Many quasi-states, especially in Africa, have failed to pass even the most lenient test for internal sovereignty in terms of the capacity to be self-governing. In this regard, service delivery of both water and sanitation is highly relevant. (Apartheid South Africa, Democratic Republic of Congo, Lesotho and possibly Zimbabwe).
Concerns about the western notion of “standard of civilization” are on the increase, this time under the international banner of human rights. (Himba rights in Namibia being affected by the Epupa Falls Dam).
The centre-periphery structure of the post-Cold War political economy tends to give the centre both the power and international legitimacy to reimpose a degree of unequal political relations on the periphery. For example, the UN as an embodiment of the principle of sovereign equality, has imposed (or is likely to impose) sanctions via the Security Council on states such as Somalia, Angola, Burundi, Libya, Liberia and Mozambique, thereby degrading their status as sovereign equals. (Donor country pressure on a recipient state).
The Cold War’s attempt to “freeze the political map in a way which has never been previously attempted … seems unlikely to succeed” (Mayall, 1990:56). Buzan (1994) offers examples such as the secession of Eritrea from Ethiopia and the attempt to split Somalia. (Possible border changes which may involve river basins in future).”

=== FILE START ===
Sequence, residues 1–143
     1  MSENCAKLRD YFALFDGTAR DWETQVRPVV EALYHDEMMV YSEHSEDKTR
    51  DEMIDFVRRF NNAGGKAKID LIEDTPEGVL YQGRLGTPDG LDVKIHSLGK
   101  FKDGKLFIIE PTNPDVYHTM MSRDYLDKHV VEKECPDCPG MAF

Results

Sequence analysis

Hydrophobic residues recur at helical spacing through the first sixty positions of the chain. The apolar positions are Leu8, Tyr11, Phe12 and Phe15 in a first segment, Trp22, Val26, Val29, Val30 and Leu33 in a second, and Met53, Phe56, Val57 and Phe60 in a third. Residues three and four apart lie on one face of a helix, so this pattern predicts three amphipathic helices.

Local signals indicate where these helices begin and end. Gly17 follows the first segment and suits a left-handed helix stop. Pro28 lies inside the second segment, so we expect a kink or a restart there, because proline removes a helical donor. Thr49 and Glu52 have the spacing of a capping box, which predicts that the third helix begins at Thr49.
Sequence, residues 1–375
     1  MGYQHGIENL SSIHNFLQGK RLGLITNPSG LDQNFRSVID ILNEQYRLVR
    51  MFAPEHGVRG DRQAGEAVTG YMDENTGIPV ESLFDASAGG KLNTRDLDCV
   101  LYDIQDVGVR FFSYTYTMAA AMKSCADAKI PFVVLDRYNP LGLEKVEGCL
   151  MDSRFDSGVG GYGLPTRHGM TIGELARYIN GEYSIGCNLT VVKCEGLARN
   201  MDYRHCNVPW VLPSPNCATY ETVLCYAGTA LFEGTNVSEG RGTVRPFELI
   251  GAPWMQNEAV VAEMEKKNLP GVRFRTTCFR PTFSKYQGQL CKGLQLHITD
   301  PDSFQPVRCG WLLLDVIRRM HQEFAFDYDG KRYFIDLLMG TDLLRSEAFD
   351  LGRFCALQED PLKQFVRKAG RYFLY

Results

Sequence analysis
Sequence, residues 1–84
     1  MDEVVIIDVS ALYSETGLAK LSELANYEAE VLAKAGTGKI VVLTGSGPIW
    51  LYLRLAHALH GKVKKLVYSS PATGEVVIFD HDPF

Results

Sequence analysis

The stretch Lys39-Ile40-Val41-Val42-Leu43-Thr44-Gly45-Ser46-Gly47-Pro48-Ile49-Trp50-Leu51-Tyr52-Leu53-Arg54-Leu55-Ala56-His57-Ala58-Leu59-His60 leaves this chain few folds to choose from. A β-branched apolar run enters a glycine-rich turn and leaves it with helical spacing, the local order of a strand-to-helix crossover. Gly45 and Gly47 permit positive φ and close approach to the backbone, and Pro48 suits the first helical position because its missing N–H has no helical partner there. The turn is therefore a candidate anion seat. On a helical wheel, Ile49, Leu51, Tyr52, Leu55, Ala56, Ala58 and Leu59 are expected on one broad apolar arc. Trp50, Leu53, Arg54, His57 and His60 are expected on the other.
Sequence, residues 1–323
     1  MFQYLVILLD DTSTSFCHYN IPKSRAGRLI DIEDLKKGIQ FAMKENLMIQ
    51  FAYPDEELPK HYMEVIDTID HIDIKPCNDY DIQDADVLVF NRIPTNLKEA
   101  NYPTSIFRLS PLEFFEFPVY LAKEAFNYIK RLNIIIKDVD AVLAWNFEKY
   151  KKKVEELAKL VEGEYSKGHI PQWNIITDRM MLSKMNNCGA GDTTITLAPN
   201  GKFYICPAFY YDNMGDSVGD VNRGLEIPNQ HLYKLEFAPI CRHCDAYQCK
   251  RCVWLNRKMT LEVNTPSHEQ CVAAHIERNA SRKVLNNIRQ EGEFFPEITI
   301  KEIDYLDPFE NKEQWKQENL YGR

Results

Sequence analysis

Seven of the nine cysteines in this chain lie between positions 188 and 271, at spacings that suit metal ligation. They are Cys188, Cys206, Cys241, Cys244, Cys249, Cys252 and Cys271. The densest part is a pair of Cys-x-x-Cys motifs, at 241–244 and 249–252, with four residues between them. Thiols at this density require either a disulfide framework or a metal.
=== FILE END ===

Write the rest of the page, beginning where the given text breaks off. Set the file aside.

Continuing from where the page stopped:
“National Sovereignty and International Watercourses.” Greencross International. 2000 – “One problem with the absolute predominance of state sovereignty in international relations is that throughout the world large groups of people are not adequately represented in the ‘state’ system, and when considering a need as fundamental as water it is imperative that groups of people should not be bypassed or marginalised. Unfortunately, this is an all too common reality. Although there may be increasing cooperation between governments regarding shared water, frequently these agreements overlook the essential needs of portions of society, including future generations. A balance must be reached in every basin between economic progress, public wellbeing and environmental integrity – only in this way can sustainable development become a reality. Claims to sustainable development are merely fictitious if proper account is not taken of the growth rate of the population and the needs of the future inhabitants of the region. The human rights approach to water sharing may be seen as a more modernistic way of interpreting the elements of Article 6 of the UN Convention to reflect social as well as biological needs.
National sovereignty can only be adequately expressed through a government which is both representative and responsible. At various times many states have lacked any, or any responsible/ recognised government, but this should in no way jeopardise the peoples’ sovereignty over their water. The people of Afghanistan have suffered both occupation and unrecognised government in recent years, but no one could question the fact that they have retained their rights and entitlements to water. States which have suffered from decades of civil war and internal turmoil, the so called ‘imploding’ or ‘collapsed’ states, also lack the governmental infrastructure, both during and following the conflict period, to manage their waters. This can have consequences for international watercourses particularly when, as in the case of Angola and the Okavango River, the tumultuous state is the upstream riparian.”